This administration had given high priority to improving our ability to detect and counter any hostile intelligence threat. We've added resources, people, and top-level attention to this task. We will not hesitate to root out and prosecute the spies of any nation. We'll let the chips fall where they may. And we've had impressive results. From 1975 to 1980, the United States apprehended a total of 13 spies. From 1981 through this year, we've apprehended 34. Here, let me add a word of appreciation in particular to the men and women of the FBI who have been working so diligently on this vital and sometimes thankless task.

In the past, we've had some difficulty in readily admitting the intensity of this threat. Today, however, we approach the intelligence threat with a new degree of realism. We recognize that the KGB and others seeking to exploit the openness of our society are not 10 feet tall; neither, however, are they midgets. We're up against aggressive people who take their job seriously. There's no reason to sugar-coat reality. The free world is today confronted with some of the most sophisticated, best orchestrated efforts of theft and espionage in modern history. Today the Soviet intelligence services and secret police, the KGB and the GRU, and their surrogate services among the Soviet-bloc countries -- Czechoslovakia, Poland, East Germany, Bulgaria, Cuba, and others -- are hard at work. Their activities include classical espionage and what they call active measures. They are employing all the means we associate with spies, including electronic espionage against sensitive communications and other sophisticated techniques, to steal our secrets and technology.

As events of recent days have made clear, many nations spy on the United States. The totality of this threat underscores just how important it is that we protect ourselves. What better time than this Thanksgiving weekend to remember and give thanks that we live in the freest land God has placed on this Earth. Yet even with our freedom, we must have the ability to protect certain vital secrets. So much depends on this: our diplomatic efforts to advance liberty and preserve peace, our own ability to see and hear what is going on in the world, and the readiness of our military forces and their effectiveness in carrying out their mission anywhere in the world.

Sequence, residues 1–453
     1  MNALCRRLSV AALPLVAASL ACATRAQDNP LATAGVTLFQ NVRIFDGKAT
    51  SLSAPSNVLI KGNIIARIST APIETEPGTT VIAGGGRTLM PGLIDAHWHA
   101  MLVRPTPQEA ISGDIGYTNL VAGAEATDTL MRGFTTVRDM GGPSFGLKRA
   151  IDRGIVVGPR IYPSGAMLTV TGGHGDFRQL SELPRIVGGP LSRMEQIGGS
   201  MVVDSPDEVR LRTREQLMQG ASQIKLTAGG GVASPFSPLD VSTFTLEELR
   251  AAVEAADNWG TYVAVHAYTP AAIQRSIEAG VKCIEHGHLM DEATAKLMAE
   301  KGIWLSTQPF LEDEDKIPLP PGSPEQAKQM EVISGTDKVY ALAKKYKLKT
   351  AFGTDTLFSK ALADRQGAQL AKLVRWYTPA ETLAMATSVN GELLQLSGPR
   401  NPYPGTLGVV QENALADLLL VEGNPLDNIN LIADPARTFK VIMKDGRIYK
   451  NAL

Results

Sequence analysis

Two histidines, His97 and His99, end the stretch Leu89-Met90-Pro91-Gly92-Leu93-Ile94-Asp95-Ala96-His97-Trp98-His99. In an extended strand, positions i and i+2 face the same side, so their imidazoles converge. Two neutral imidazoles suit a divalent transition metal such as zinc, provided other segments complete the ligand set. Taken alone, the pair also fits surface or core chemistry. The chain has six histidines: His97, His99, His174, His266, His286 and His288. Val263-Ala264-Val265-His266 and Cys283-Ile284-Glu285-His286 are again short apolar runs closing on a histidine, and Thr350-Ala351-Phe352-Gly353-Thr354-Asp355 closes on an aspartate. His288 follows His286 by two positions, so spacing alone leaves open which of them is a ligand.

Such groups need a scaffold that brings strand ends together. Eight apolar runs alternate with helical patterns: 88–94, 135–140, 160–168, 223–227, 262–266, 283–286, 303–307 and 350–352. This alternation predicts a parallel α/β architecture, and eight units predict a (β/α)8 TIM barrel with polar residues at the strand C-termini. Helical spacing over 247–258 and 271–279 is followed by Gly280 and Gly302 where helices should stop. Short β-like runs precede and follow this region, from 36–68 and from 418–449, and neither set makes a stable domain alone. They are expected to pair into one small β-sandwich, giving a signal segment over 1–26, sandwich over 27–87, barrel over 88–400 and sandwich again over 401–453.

While our security is tied to protecting certain secrets, there is no need to fight repression by becoming repressive ourselves. Understanding the problem is the first step. The arrests we are seeing now should alert us to the danger we face. Even skeptics should recognize how necessary it is to maintain our top-quality counterintelligence efforts. At the same time, we can learn through each espionage case how to prevent these spies and turncoats from hurting us. In 1981 we began a comprehensive review of counterintelligence, security, and countermeasures. While much has been done, culminating in additional arrests, there is more we can and must do.

We are currently seeking a broad range of reforms and improvements, including reducing the size of the hostile intelligence threat within our borders, better monitoring of exchange programs, improving government communications and personnel procedures, better analysis, expanding counterintelligence capabilities abroad, and ensuring the security of U.S. Embassies and bases throughout the world. We are working closely with the Congress in addressing many of these needs. I am asking for your understanding and support as we move ahead together to win this struggle and keep America free, secure, and at peace.

Until next week, thanks for listening, and God bless you.

Note: The President spoke at 9:06 a.m. from Rancho del Cielo, his ranch near Santa Barbara, CA.